Nearly two dozen corporate houses and business enterprises in the country have been waiting for more than six months to obtain permission from the Reserve Bank of India (RBI) to start their own banks. In turn, the RBI has approached the Election Commission to permit them to issue the new banking license.
Terming the present move of RBI as ‘unfair’ as the Parliamentary elections were on, the All India Bank Employees’ Association (AIBEA) general secretary C.H. Venkatachalam said allowing private sector to open banks would lead to ‘profiteering’ and there were chances of public money being diverted by the corporate and business houses to run their ventures without any hindrance.
Substantiating his statement, he said: “Any industry house with Rs.500 crore can open a bank. Thereafter they would become the absolute owner of the bank and can have access to huge cash deposits of public. The funds can be transferred between the bank and their firms swiftly. Accounts can be fudged easily. We don’t want such a thing to happen.”
As per the proposed list, Aditya Birla, IDFC Ltd, IFCI, India Bulls, India Post, India Infoline, LIC Housing Finance, L&T Finance Holding, Muthoot Finance, Reliance Capital, Religare Enterprises, Shriram Capital, SREI Infrastructure, Tourism Finance Corporation and UAE Exchange India others have applied for the banking license.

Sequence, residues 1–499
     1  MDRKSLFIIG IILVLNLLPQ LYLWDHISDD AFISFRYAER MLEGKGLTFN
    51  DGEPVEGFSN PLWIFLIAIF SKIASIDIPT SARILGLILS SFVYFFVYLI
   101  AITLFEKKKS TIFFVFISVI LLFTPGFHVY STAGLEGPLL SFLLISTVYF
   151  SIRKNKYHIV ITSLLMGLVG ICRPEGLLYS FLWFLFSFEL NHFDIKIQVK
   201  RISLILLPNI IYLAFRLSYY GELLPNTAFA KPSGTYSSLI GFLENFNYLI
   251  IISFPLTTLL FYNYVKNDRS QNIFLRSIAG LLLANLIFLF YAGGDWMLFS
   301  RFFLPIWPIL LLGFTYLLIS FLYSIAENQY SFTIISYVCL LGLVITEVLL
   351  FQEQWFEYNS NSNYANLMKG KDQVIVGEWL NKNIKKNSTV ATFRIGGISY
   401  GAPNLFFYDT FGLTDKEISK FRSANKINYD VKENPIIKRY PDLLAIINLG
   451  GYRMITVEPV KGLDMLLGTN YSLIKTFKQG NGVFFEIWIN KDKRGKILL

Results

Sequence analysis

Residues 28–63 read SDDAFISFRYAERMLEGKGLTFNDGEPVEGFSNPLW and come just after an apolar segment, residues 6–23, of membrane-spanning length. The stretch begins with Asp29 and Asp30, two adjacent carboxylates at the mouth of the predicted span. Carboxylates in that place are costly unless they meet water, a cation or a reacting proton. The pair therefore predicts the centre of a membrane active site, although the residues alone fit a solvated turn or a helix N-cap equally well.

“Prior to nationalisation of the banks in 1969, most of the banks were owned by one or the other industrial or business house. Their mismanagement and abuse of people’s money resulted in nationalisation of banks. Hence, handing over banking licenses to the corporate and business house is a clear retrograde step. Particularly, when the country is moving towards general elections to elect a new Parliament, RBI’s hurry in this regard overlooking the political views of the Parliament would be unfair,” he said.On Monday, AIBEA sent a letter seeking the intervention of Chief Election Commissioner, V.S. Sampath not to approve such a move stating that would result in conflict of interest and banking institutions cannot be left to the corporate whims.
It may be recalled that AIBEA has been openly criticising corporate houses for being wilful defaulters that led to banks setting aside a large portion of its profits to write off bad debts.
Mr. Venkatachalam quoted the report of Parliamentary Standing Committee on Finance which said: “Banking being a highly leveraged business involving public money and public welfare, the Committee are of the considered opinion that it will be more in the fitness of things to keep banking and industry separate. The Committee therefore desires the Government and RBI to review the licensing guidelines accordingly.”